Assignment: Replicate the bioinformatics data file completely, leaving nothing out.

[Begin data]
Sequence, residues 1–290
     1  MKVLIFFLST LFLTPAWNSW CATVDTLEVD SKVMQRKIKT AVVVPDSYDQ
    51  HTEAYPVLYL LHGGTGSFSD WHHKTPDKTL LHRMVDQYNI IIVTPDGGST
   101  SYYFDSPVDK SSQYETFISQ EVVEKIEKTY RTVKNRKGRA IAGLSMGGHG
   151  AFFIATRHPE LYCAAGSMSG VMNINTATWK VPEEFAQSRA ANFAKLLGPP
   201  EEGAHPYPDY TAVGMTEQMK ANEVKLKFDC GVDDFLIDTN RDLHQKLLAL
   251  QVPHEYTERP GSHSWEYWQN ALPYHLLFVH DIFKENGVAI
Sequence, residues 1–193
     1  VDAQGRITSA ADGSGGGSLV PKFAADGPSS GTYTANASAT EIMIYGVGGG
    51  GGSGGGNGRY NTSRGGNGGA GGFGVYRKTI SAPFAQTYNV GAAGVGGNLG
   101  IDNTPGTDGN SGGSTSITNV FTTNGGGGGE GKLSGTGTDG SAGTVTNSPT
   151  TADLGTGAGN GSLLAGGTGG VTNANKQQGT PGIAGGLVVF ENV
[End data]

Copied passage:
Sequence, residues 1–290
     1  MKVLIFFLST LFLTPAWNSW CATVDTLEVD SKVMQRKIKT AVVVPDSYDQ
    51  HTEAYPVLYL LHGGTGSFSD WHHKTPDKTL LHRMVDQYNI IIVTPDGGST
   101  SYYFDSPVDK SSQYETFISQ EVVEKIEKTY RTVKNRKGRA IAGLSMGGHG
   151  AFFIATRHPE LYCAAGSMSG VMNINTATWK VPEEFAQSRA ANFAKLLGPP
   201  EEGAHPYPDY TAVGMTEQMK ANEVKLKFDC GVDDFLIDTN RDLHQKLLAL
   251  QVPHEYTERP GSHSWEYWQN ALPYHLLFVH DIFKENGVAI
Sequence, residues 1–193
     1  VDAQGRITSA ADGSGGGSLV PKFAADGPSS GTYTANASAT EIMIYGVGGG
    51  GGSGGGNGRY NTSRGGNGGA GGFGVYRKTI SAPFAQTYNV GAAGVGGNLG
   101  IDNTPGTDGN SGGSTSITNV FTTNGGGGGE GKLSGTGTDG SAGTVTNSPT
   151  TADLGTGAGN GSLLAGGTGG VTNANKQQGT PGIAGGLVVF ENV